The kraft layer 14 can be arranged as the innermost layer of the exterior layer 16. That is, the kraft layer 14 can be the layer of the exterior layer 16 that is closest to the central layer 10. The kraft layer 14 can be attached to the central layer 10 by the use of an adhesive such as, for example, a water-based adhesive. The adhesive can form a layer 15 arranged between the exterior layer 16 and the central layer 10. The kraft layer 13 can be formed from a conventional natural kraft paper having, for example, a weight of about 30 lbs. per 3,000 square feet.

Referring to FIG. 2, a section of air duct 45 formed from the air duct board 17 is shown. Referring to FIG. 4, a plurality of grooves 18, 19, 20 can be disposed on the surface of the air duct board 17. The grooves 18, 19, 20 can be of any shape which allows the board 17 to be easily folded at the grooves, 18, 19, 20. Preferably, the grooves 18, 19, 20 are V-shaped.

The number of grooves depends on the desired number of sides of the air duct. For example, to form a section of air duct having four sides, three grooves can be formed on the air duct board 17. Preferably, the lengthwise dimension of each groove is substantially parallel to the shorter sides of the duct board 17 and substantially perpendicular to the longer sides of the board 17. The plurality of grooves divide the board 17 into sections 21, 22, 23 and 24. Preferably, the grooves are evenly spaced on the board 17.

In one embodiment, the two edges of the air duct board 17 along the widthwise direction of the board 17 engage one another to form the section of air duct 45. Any conventional means for forming a connection between the two edges of the board 17 can be used. For example, the right edge can have a flat surface 36 perpendicular to the surface of the board 17. A flap 44 can be formed from the exterior layer 16 extending from the flat surface 36. The left edge can have a recessed area 28 which engages with the flat surface 36.

The grooved duct board 17 can be folded along the three grooves 18, 19, 20 to form a portion of an air duct 45. The edges 46, 47 of groove 18 can be rotated 90 degrees with respect to each other to form an inclined joint 18 a. Preferably, the edges 46, 47 contact each other in such rotated position. Similar joints can be formed at 19 a and 20 a. A line or butt joint can be formed at 36 a where flat surface 36 contacts recessed area 28. Flap 44 can be folded down and fastened to the exterior surface of section 21 by any suitable fastening means such as, for example, a piece of tape.

Referring to FIG. 3, an exemplary method of forming the plurality of grooves can include placing the air duct board 17 on a cutting table or in a fixture. A knife 29 having cutting edges 30, 31 can be driven across the duct board 17 to form a groove 18. In order to form the preferred V-shape groove, the knife 29 can have a V-shaped blade.

The knife 29 can be automatically driven or can be manually driven using a handle 42. The knife blade can have upper flanges 32, 33 which are fastened by any suitable means, such as bolts 34, 35 to a combined handle and spacer 37. The handle and spacer 37 can include a pair of shoes 38, 39 having lower surfaces 40, 41. Such lower surfaces 40, 41 can contact and slide on the liner layer 11 on each side of the groove 18 as the knife 29 is driven across the duct board 17 to form the groove 18.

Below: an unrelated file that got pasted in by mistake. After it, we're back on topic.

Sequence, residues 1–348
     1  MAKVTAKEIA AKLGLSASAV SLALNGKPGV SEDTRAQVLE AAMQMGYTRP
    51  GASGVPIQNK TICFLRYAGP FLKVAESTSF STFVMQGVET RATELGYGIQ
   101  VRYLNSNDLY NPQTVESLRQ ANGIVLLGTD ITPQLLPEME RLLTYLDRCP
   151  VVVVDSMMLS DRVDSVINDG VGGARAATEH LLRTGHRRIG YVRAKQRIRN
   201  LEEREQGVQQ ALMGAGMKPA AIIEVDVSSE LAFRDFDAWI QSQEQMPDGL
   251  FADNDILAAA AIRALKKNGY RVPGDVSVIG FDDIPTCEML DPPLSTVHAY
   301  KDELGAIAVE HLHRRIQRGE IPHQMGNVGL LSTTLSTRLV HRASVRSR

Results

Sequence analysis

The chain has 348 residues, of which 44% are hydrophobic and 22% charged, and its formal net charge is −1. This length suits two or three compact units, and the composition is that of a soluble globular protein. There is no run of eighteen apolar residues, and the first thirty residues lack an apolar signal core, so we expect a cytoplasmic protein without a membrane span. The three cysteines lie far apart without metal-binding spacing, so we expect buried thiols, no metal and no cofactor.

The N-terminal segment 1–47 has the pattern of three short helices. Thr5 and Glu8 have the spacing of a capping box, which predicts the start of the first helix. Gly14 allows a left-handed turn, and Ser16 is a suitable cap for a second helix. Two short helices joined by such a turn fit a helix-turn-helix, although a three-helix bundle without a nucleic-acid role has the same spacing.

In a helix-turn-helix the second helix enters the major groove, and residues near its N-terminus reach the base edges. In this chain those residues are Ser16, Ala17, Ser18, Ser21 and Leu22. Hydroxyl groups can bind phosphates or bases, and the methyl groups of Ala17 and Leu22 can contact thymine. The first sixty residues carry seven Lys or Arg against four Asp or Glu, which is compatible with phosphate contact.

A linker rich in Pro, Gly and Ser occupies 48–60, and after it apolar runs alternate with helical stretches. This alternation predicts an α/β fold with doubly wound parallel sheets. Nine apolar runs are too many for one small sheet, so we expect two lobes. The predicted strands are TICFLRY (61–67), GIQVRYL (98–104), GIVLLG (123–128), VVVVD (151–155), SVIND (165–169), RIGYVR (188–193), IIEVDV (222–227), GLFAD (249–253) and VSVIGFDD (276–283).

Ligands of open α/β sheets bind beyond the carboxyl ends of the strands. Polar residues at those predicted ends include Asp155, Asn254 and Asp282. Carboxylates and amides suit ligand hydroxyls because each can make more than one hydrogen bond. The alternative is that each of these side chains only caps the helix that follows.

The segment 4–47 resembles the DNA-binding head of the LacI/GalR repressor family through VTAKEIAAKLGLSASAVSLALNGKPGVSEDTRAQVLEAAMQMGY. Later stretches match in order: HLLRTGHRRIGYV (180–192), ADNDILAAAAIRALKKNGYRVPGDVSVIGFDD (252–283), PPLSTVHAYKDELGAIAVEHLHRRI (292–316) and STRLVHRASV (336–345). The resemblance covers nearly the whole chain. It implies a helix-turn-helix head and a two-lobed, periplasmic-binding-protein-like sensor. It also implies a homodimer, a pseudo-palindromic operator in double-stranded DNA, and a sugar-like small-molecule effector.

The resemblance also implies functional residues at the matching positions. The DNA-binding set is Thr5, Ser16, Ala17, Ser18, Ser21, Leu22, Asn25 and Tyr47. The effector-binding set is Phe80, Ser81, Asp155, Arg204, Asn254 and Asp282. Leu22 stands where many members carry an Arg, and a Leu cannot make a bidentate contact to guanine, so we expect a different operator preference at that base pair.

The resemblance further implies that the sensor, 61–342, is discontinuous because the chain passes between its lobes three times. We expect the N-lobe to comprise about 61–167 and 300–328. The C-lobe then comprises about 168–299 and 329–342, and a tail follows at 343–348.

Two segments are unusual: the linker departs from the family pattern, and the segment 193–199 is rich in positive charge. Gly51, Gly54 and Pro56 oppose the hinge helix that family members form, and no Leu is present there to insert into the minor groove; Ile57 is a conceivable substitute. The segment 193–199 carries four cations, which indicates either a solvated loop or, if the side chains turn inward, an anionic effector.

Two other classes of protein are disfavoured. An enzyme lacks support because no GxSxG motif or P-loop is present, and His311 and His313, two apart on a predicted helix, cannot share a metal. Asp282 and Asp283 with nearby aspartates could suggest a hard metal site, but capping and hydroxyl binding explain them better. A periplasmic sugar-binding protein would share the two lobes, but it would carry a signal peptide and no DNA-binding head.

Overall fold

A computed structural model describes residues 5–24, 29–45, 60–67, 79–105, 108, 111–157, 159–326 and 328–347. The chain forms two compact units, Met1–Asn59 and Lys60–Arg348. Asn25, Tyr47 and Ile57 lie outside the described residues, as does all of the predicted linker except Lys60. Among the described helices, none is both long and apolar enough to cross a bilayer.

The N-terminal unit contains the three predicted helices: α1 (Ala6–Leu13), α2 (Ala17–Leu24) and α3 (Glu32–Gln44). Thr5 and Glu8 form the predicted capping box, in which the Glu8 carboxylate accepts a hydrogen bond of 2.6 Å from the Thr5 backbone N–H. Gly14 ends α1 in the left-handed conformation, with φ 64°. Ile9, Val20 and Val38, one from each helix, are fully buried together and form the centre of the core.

The depth of cut of the knife 29 is preferably slightly less than the combined thickness of the liner layer 11 and the central layer 10. As a result, a thin layer 43 of the central layer material can remain above and in contact with the exterior layer 16 so that the cutting of the exterior layer 16 with the knife 29 can be ameliorated or avoided. For example, the thin layer 43 can protect the exterior layer 16 from degradation. Preferably, the thin layer 43 is sufficiently thin so as to not significantly impede the folding of the grooved duct board 17 along the grooves 18, 19, 20.

As discussed above, it can be preferable to arrange grooves on the surface of the board 17 to allow the board 17 to be folded along such grooves, thereby forming a section of air duct 45. In an alternative embodiment of the present invention, the board 17 does not have grooves formed on the surface thereof. In this embodiment, the board 17 can also not include an exterior layer 16. This alternative embodiment can be useful as a liner for existing air duct systems.

While the invention has been described in detail with reference to specific embodiments thereof, it will be apparent to one skilled in the art that various changes and modifications can be made, and equivalents employed without departing from the scope of the claims.

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US818638722 May 200829 May 2012Innovative Energy, Inc.Duct insulation material and method of using
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Classifications
U.S. Classification138/149, 138/DIG.4, 138/141
International ClassificationF16L9/21, F16L9/14, F16L59/14
Cooperative ClassificationY10S138/04, F16L59/143, F24F13/0281, F16L9/21, F24F13/0263, F24F2013/242, F16L9/003
European ClassificationF24F13/02K, F16L59/14F, F16L9/21, F16L9/00B, F24F13/02H
Legal Events
DateCodeEventDescription
28 May 2010FPAYFee payment
Year of fee payment: 4
27 Nov 2002ASAssignment
Owner name: JOHNS MANVILLE INTERNATIONAL, INC., COLORADO
Free format text: ASSIGNMENT OF ASSIGNORS INTEREST;ASSIGNORS:MOTA, JOSEPH E.;DATTA, MADHUMITA MOLLY;REEL/FRAME:013545/0224
Effective date: 20021114